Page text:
“Tell me,” he gritted out.
“I woke up, untied, on a bed of some sorts—a thin one. A man was in between my legs, and my sweats and panties were off.” Brad swore, pain on his face, and I reached out to him. “Like I said last night - nothing happened, Brad. Let me talk.” He nodded, his eyes on mine. “I waited and tried not to move, tried to pretend to be asleep, or unconscious, or whatever it was that I had been. When I saw an opening, I took it.”
“Took what? What do you mean?”
“I put him in a triangle chokehold. Like Ben taught me.” I looked down, moving my food on my plate.
“You’re shitting me.” His voice held a mixture of pride and dismay, and I looked up to find him running a hand over his mouth, his eyes dark.
“No. I held it—” My voice broke, my eyes staying on Brad, watching the flicker in his as I spoke. “For a long time, but not too long, after he passed out. I counted. Three minutes.”
“Three minutes,” he said quietly. “That’s it?”
“Yes. Then I ran. I ran, and I hid, and I ran again. I stopped once, behind a building, and slept between a dumpster and a fence for a bit ... until dark. Then I ran again, and I got to the house that you picked me up from.”
“Three minutes,” Brad repeated, frowning slightly, a question in his eyes, his knowledge not as great in the area of jujitsu as my own.
“Four minutes is terminal. Just three minutes... he’d have regained consciousness.”
Brad’s eyes darkened across the table.
The day passed in a blur of questions, medical tests, family, and friends. My wedding dress hung in the corner of the room, a constant indicator of the wedding that never occurred. The money wasted stuck like a forgotten burr, poking and scraping with every reminder—the mountain of wrapped gifts piled in a corner of the guest room, the useless Post-It note stuck to a corner of the fridge, with reception times and a reminder to pull passports from the safe. Our honeymoon also picked at my conscience, despite my unwilling part in my disappearance, all this—the police, the doctor, the haunted look in Brad’s eyes—was a burden brought on by my actions. If only I had stayed inside the house, ignored my car alarm and the words painted on the windows and doors. But the guilt was soon washed away in the overwhelming current of love and celebration that filled the home. Mother shone, Dad’s eyes twinkled, and Olivia was the beaming best friend of a year prior. We ate every casserole Martha had baked, demolished the groom’s cake, and I had some vintage bubbly, obeying the doctor’s stern orders to limit it to one glass. Brad’s hand never left my skin, his arm around me, his mouth making frequent trips to my forehead, my cheek, my lips. I saw fear in his eyes when he looked at me, a protective, raw emotion that both comforted and chilled me, the dark look so vulnerable in its whatmighthavebeen caress. Then he stood, heralding them all out, glaring at anyone who dared to object—‘doctor’s orders’ his reprimand of choice.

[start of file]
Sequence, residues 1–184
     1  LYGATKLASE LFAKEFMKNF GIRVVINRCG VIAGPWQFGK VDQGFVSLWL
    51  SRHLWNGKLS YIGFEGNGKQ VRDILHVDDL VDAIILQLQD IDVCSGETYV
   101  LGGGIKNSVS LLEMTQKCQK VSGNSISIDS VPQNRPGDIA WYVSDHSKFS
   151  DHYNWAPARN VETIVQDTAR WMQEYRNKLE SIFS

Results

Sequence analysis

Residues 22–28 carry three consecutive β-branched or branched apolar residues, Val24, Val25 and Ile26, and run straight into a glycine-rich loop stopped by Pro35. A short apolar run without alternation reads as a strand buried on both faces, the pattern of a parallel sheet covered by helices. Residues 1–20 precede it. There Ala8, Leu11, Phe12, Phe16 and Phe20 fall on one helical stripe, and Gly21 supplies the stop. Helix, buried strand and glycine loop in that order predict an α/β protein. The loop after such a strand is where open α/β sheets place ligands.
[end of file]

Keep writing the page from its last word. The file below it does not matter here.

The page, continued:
And we had two hours—two hours of peace, our bodies molded together on the bed, his hand trailing lightly through my hair until I slept. Then, Martha’s knock reawakened us, and I dressed for the police.